Effects of prostaglandins and prostaglandin synthetase inhibitors on liver toxicity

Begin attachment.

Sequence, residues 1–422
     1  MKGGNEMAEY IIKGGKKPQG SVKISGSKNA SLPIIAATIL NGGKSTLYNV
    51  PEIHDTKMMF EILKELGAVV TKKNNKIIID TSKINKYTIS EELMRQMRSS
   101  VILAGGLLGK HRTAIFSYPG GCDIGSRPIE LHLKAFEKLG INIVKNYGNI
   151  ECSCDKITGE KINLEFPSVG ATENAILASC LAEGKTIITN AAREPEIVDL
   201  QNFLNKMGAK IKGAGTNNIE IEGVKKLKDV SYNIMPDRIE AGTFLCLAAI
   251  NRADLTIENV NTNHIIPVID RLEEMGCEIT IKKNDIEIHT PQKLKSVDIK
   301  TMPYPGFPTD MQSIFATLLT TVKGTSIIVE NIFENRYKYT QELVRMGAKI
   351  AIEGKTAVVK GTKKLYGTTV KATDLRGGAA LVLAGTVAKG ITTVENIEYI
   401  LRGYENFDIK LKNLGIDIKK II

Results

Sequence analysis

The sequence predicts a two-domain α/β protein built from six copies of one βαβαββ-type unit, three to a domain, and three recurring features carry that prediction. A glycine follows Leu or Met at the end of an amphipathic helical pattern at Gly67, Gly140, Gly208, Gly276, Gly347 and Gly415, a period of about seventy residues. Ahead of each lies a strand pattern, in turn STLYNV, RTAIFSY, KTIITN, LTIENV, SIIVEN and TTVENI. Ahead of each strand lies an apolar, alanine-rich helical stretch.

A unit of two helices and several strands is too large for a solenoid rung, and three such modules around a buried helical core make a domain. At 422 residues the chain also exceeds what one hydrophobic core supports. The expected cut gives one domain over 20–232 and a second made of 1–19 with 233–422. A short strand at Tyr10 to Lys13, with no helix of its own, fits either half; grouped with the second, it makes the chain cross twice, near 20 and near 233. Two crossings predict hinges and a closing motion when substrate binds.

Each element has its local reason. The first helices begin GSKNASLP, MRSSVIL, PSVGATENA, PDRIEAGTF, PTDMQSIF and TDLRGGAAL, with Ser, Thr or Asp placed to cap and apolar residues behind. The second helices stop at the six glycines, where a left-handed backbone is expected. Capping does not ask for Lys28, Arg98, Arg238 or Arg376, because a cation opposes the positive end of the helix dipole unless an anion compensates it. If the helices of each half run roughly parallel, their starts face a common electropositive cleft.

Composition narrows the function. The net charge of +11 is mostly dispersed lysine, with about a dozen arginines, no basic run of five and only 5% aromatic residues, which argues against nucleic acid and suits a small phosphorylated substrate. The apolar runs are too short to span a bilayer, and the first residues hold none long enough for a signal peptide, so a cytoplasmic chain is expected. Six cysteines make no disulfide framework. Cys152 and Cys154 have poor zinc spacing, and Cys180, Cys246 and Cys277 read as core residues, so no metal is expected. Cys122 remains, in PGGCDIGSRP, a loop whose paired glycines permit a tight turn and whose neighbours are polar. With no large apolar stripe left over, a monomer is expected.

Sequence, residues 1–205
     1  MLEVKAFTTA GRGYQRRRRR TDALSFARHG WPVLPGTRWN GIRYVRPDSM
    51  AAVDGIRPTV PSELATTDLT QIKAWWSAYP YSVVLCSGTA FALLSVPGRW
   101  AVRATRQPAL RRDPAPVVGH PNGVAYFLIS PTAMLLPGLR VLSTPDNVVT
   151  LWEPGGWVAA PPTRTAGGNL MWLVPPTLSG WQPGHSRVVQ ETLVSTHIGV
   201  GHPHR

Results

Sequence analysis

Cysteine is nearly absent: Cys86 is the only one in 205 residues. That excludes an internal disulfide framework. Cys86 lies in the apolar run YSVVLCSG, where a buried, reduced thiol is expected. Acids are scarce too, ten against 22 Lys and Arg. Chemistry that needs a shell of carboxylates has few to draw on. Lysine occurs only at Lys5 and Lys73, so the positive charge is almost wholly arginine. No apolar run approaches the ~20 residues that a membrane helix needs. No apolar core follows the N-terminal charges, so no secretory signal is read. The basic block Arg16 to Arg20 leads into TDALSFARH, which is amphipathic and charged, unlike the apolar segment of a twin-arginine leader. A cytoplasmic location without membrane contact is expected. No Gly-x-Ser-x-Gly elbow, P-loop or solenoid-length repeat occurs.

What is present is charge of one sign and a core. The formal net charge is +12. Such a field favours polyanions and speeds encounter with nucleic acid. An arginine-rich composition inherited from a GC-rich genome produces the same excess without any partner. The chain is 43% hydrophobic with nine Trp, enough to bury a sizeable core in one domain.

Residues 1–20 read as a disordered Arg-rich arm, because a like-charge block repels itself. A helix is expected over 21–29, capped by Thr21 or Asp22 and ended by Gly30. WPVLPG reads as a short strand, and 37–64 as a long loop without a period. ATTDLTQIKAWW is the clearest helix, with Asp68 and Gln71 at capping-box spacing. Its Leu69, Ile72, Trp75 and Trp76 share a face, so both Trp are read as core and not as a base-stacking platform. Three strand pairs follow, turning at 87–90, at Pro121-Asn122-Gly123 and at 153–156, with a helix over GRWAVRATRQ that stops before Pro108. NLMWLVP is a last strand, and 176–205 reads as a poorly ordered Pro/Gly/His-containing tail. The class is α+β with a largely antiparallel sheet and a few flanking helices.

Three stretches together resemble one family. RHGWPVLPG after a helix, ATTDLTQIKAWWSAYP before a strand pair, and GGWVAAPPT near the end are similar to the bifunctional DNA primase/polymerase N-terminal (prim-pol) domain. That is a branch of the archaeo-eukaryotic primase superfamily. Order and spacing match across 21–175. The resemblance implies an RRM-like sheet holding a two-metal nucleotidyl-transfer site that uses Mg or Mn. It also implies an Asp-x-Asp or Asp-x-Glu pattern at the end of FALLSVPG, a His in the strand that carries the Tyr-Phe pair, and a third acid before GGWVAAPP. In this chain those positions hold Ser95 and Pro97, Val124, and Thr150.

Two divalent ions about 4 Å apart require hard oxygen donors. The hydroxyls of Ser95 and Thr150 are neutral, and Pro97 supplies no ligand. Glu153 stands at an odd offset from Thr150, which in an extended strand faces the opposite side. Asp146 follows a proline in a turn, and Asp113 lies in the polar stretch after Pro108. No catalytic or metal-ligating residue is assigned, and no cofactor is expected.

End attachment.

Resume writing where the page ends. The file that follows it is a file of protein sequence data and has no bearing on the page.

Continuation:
A total of 22 non-steroidal anti-inflammatory drugs and derivatives were added to microsomes to study the denaturation of cytochrome P-450 to cytochrome P-420 in the absence of an NADPH-generating system. There was a highly significant correlation among the different compounds between the extent of denaturation of cytochrome P-450 and their surfactant potency. Endotoxin administration to rats caused a maximum decrease in hepatic microsomal enzymes after 24 hours. Significant decreases in cytochrome P-450 (40%), cytochrome b5 levels (22%), aminopyrine N-demethylase (31%) and biphenyl 4-hydroxylase (54%) activities were obtained. Concomitant intravenous injection of 16,16-DMPG F2 and 16,16-DMPG E2 prevented some of the endotoxin-induced changes in hepatic microsomal enzymes. Three days treatment with cocaine was required to obtain hepatic damage in mice. Decreases in cytochrome P-450 content (41%), aminopyrine N-demethylase (31%) and FAD-monooxygenase (35%) activities were obtained, when compared to saline treated mice. The serum enzyme activities were markedly increased (SGOT 13-fold and SOCT 44-fold). Histological changes in form of centrilobular necrosis and fatty changes were present. Repeated subcutaneous administration of iloprost or synthetic prostaglandins just before cocaine prevented some of the hepatic lesions. Iloprost was found to be a better hepatoprotective agent than synthetic prostaglandins against the cocaine mediated liver toxicity. Carbon tetrachloride administration to mice produced similar lesions to those obtained with cocaine. Administration of iloprost prevented some of the lesions caused by carbon tetrachloride, giving a partial protection to the carbon tetrachloride-induced decrease in cytochrome P-450 and the increase in SGOT. Iloprost also partially prevented the carbon tetrachloride mediated centrilobular necrosis.